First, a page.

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1997 - R - 95 Mins.
Director: Jonathan Mostow
Producer: Dino De Laurentiis
Written By: Jonathan Mostow, Sam Montgomery
Starring: Kurt Russell, J.T. Walsh, Kathleen Quinlan, M.C. Gainey, Jack Noseworthy
Review by: John Ulmer

Give me my wife!
Have you ever been stranded out in the middle of nowhere, not really sure what to do? Your 4x4 has broken down, and you're sitting on the side of the road, looking at the vehicle's engine, and nothing looks wrong. Your wife is in the passenger seat, anxious to get going. You're in the middle of nowhere, and that can be pretty scary. Then a truck comes your way, and the driver offers you and your wife a ride. You say you're going to stay with the Jeep, but your wife goes with the truck driver, who's going to drop her off at a bar up the road. You say thanks, and she's on her way before you can stop it.

Back at the car you find that a wire underneath has been cut. You twist them together and the engine starts. You're elated; you climb in the front and pull away to drive off into the distance to pick up your wife.

You arrive at the bar, and walk inside. Your wife isn't there. The bartender is of no help, and he won't even let you look at the orders for the day. You ask everyone there if they've seen a woman in a white blouse, but none of them seem to care. They ignore you. Frantically you track down the truck who picked your wife up earlier and run it off the road. You call a policeman, and he searches the truck.

Your wife isn't there, and the truck driver doesn't remember you at all. You know it's the guy, and the truck, but the cop lets him drive away. And so you are left stranded in the middle of the road with your vehicle, not sure what to do. So you try to track down your wife.

So that's never happened to you? Good. But in "Breakdown," Jonathan Mostow's thriller about paranoia, it happens to Kurt Russell's character, and he is left "Frantic" and in "The Game" of life.

Those quotes up there are in reference to Roman Polanski's 1998 paranoia thriller "Frantic" about Harrison Ford losing his wife in Paris; "The Game" is David Fincher's dark and broody paranoia thriller from 1997.

You see, "Breakdown" is much like those two films. It probably borrows from "Frantic" a bit, and I would give it a higher rating than "Frantic" because it is so expertly-crafted, but the end quickly turns into a kind of ridiculous stunt ride rather than a smart and intelligent thriller.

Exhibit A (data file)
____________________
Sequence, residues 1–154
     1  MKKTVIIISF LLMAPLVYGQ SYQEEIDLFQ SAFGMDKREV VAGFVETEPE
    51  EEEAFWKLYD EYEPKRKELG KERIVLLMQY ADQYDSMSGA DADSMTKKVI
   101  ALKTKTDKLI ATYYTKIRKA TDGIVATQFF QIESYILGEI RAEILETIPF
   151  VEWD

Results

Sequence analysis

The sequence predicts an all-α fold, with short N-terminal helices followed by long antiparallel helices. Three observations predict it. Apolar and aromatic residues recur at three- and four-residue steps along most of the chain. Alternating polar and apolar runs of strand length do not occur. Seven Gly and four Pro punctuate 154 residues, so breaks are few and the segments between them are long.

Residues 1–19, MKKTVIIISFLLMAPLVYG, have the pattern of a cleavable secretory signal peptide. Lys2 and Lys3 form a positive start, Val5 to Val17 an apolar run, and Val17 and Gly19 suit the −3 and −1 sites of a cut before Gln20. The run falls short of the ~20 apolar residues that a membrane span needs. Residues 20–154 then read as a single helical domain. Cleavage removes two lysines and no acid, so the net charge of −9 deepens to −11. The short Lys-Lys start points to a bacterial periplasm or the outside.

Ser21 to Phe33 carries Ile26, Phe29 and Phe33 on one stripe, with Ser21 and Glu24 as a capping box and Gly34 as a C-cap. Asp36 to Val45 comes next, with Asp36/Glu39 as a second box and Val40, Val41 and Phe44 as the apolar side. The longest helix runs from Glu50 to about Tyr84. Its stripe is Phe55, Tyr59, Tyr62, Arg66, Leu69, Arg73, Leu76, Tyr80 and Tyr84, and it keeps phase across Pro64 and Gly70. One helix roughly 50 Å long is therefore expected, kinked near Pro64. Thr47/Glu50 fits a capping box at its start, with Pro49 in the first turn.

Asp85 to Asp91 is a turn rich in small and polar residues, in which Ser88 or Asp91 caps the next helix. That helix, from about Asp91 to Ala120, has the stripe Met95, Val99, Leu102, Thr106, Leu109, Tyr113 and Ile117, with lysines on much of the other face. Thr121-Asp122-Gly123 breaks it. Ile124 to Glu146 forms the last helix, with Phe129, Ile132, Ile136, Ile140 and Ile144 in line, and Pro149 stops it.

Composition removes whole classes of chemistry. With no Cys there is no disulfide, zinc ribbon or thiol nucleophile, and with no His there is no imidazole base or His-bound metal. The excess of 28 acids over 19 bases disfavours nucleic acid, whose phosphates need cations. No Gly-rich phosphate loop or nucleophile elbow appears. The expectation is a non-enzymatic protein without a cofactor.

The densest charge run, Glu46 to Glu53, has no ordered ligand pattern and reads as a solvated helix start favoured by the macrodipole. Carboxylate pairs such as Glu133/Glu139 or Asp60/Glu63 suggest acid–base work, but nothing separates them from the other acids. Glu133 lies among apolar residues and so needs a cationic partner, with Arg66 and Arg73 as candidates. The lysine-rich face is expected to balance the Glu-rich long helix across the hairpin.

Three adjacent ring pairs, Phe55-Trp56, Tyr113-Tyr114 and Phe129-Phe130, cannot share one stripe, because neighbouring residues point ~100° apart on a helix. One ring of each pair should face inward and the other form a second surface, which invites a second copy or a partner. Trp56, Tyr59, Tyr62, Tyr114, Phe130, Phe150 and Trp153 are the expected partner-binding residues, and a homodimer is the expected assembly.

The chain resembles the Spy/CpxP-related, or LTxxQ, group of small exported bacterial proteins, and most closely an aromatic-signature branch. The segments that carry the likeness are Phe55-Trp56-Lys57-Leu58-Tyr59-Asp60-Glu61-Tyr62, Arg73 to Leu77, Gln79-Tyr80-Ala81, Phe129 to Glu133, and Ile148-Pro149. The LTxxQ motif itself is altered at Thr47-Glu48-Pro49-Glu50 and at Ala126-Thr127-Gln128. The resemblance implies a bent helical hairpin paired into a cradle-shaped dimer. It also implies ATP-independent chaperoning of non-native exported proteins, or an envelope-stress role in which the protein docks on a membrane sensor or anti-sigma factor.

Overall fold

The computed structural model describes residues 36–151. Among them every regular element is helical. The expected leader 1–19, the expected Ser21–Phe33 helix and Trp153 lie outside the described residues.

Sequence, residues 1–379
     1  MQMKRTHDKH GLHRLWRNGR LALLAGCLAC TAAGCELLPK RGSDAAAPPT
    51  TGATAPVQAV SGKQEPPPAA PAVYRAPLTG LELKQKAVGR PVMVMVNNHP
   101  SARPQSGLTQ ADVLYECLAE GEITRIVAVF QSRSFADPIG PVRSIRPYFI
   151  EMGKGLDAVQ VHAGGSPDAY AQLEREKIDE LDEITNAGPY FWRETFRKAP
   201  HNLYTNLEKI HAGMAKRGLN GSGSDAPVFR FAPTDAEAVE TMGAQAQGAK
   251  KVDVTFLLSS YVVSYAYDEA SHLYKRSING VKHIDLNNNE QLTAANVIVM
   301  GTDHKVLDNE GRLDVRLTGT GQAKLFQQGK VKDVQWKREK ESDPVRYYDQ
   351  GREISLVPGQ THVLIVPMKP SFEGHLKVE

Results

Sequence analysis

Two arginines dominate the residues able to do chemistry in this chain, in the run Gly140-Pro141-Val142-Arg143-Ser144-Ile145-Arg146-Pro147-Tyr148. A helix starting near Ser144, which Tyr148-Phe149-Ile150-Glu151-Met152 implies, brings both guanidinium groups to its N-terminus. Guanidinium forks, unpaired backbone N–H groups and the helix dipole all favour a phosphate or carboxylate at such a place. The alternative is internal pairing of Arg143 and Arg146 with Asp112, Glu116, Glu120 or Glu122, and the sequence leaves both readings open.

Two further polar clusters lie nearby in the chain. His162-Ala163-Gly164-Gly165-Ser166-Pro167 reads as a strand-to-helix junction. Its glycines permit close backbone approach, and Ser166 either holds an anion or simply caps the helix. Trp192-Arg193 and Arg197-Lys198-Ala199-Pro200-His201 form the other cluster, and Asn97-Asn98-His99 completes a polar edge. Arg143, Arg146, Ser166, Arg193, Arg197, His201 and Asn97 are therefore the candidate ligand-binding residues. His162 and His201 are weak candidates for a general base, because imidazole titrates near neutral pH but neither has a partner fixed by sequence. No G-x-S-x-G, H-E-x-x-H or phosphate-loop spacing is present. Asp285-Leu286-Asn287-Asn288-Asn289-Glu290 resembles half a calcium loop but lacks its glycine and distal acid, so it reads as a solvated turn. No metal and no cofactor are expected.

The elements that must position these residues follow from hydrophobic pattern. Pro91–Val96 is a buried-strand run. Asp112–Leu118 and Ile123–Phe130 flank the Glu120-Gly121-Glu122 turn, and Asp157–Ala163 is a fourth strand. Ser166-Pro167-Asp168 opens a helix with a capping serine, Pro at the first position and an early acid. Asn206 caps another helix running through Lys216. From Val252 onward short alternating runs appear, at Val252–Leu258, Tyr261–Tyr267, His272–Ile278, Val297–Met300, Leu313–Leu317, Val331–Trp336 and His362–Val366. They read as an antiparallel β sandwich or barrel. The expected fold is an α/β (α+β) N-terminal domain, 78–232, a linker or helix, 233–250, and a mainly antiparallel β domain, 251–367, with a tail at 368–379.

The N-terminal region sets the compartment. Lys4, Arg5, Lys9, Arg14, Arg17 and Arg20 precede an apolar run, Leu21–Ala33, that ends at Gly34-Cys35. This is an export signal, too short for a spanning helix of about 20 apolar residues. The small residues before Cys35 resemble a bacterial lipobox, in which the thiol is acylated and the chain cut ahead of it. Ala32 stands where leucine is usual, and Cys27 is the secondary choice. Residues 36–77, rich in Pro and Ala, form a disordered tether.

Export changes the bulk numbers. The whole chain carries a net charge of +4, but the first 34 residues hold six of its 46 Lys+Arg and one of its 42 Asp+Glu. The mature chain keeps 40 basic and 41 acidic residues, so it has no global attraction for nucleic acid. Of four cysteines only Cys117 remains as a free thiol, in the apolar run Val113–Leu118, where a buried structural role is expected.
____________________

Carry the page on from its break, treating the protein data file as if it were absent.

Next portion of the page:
The whole way through, the film is amazingly realistic and scary and tense and chilling and paranoid and frantic, but then the end, as I said above, ruins the whole thing! It's stupid, and a mess. You feel like slapping Jonathan Mostow for ruining an otherwise above-average thriller. And two things about the ending don't work. One, the ridiculous car chase; two, as Ebert noted in his review (major spoiler ahead), killing villians is usually something the heroes do in a moment of self-defense, but Russell kills the truck driver after he (the truck driver) is already paralyzed and lying on a rock one hundred feet below. How's that for grisly? Ebert said the audience in the theater did not cheer, which proves that there is still decency in America's modern audience. I don't really care about killing the driver, but the chase scene was a waste of time and the buildup to it was ten times better.

But if you flip off the film before the last five minutes, you're sure to have a wildly fun time; it's an intense thriller that leaves you gasping for air. The suspense just builds more and more every minute, and we can identify with Russell's character very much.

The world seems to be completely calm and the fact that no one really seems to care about his wife makes him even the more frantic. I like to think that's what Russell's character feels like after he finds out his wife is missing and realizes no one is doing anything about it but himself. I get that feeling sometimes, whether it's over losing something small or big. No one seems to care anymore these days, and that's more startling, to Russell, than the fact that his wife is missing at all.
Movie Guru Rating
Entertaining and well crafted.  May not be worth the price of a theater ticket, but a solid rental. Entertaining and well crafted.  May not be worth the price of a theater ticket, but a solid rental. Entertaining and well crafted.  May not be worth the price of a theater ticket, but a solid rental. Entertaining and well crafted.  May not be worth the price of a theater ticket, but a solid rental.
  3.5 out of 5 stars

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